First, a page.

proj-plbook-plCh6502Isa

Table of Contents for Programming Languages: a survey

MOS 6502

highly recommended:

todo explain

" Registers

The 6502's registers include one 8-bit accumulator register (A), two 8-bit index registers (X and Y), an 8-bit processor status register (P), an 8-bit stack pointer (S), and a 16-bit program counter (PC). The stack's address space is hardwired to memory page $01, i.e. the address range $0100–$01FF (256–511). Software access to the stack is done via four implied addressing mode instructions, whose functions are to push or pop (pull) the accumulator or the processor status register. The same stack is also used for subroutine calls via the JSR (Jump to Subroutine) and RTS (Return from Subroutine) instructions and for interrupt handling. "

better description of registers at: http://skilldrick.github.io/easy6502/

http://www.obelisk.demon.co.uk/6502/registers.html

" Addressing

The chip uses the index and stack registers effectively with several addressing modes, including a fast "direct page" or "zero page" mode, similar to that found on the PDP-8, that accesses memory locations from addresses 0 to 255 with a single 8-bit address (saving the cycle normally required to fetch the high-order byte of the address)—code for the 6502 uses the zero page much as code for other processors would use registers. On some 6502-based microcomputers with an operating system, the OS uses most of zero page, leaving only a handful of locations for the user.

Addressing modes also include implied (1 byte instructions); absolute (3 bytes); indexed absolute (3 bytes); indexed zero-page (2 bytes); relative (2 bytes); accumulator (1); indirect,x and indirect,y (2); and immediate (2). Absolute mode is a general-purpose mode. Branch instructions use a signed 8-bit offset relative to the instruction after the branch; the numerical range -128..127 therefore translates to 128 bytes backward and 127 bytes forward from the instruction following the branch (which is 126 bytes backward and 129 bytes forward from the start of the branch instruction). Accumulator mode uses the accumulator as an effective address, and does not need any operand data. Immediate mode uses an 8-bit literal operand. Indirect addressing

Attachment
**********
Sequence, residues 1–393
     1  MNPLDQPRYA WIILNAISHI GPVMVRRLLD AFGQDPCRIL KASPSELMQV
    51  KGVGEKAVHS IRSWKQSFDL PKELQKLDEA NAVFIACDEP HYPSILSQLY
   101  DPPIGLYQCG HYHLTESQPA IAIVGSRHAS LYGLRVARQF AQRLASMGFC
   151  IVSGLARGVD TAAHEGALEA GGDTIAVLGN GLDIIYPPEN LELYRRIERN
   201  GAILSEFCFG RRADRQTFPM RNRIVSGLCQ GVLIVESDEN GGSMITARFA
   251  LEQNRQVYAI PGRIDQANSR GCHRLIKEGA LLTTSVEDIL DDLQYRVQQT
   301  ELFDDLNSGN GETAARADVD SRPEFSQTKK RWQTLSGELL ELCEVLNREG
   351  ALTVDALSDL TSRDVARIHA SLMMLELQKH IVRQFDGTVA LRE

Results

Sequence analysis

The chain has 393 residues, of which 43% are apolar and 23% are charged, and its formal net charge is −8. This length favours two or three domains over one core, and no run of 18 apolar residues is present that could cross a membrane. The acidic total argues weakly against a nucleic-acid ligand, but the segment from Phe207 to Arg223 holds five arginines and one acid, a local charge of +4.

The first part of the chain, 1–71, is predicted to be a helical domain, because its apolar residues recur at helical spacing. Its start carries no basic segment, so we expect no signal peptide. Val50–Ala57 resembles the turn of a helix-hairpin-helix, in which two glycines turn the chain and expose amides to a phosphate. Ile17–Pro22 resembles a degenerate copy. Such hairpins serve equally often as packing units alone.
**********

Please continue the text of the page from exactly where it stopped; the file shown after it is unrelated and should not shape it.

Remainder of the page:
The indirect modes are useful for array processing and other looping. With the 5/6 cycle "(indirect),y" mode, the 8-bit Y register is added to a 16-bit base address read from zero page which is located by a single byte following the opcode. The Y register is therefore an index-register in the sense that it is used to hold an actual index (as opposed to the X register in the 6800 where a base address was directly stored and to which an immediate offset could be added). Incrementing the index register to walk the array byte-wise takes only two additional cycles. With the less frequently used "(indirect,x)" mode the effective address for the operation is found at the zero page address formed by adding the second byte of the instruction to the contents of the X register. Using the indexed modes, the zero page effectively acts as a set of up to 128 additional (though very slow) address registers. "

better description of addressing modes at: http://skilldrick.github.io/easy6502/

" The 6502 is technically not a RISC design, however, as arithmetic operations can read any memory cell (not only zero-page), and some instructions (INC, ROL, etc.) even modify memory (i.e. they are read-modify-write instructions), contrary to the basic load/store philosophy of RISC. Furthermore, orthogonality is equally often associated with "CISC".

instructions: http://www.obelisk.demon.co.uk/6502/instructions.html

http://www.visual6502.org/JSSim/index.html

toread for fun: http://archive.archaeology.org/1107/features/mos_technology_6502_computer_chip_cpu.html

toread for fun: http://www.righto.com/2013/01/a-small-part-of-6502-chip-explained.html

toread for fun: http://research.swtch.com/6502

" Used in such greats as the Apple II, all the Acorn machines, the Orics and more. Somewhat simpler device than the Z80 with fewer instructions, fewer addressing modes and fewer registers. Just the minimum compliment of Accumulator, X and Y in fact. It did have the unique ability though to access the first page of memory (0000h to 00ffh) much faster than the rest of memory.

Many people claim now that the 6502 was the first 'RISC' chip, although there weren't many instructions to 'reduce'. If you stretch the point that zero page fast access was akin to having lots of registers though, that sounds slightly RISC-like. It was completely un-RISC-like in that zero page was only good for storing data (and incrememting, decrememting IIRC), all arithmetic had to be done on the Accumulator, and although X and Y were both 'indexing' registers, there were some sorts of indexing that only X could do, and others that only Y could do. " -- http://www.landley.net/history/mirror/acorn/processors.html

Instruction encoding

Links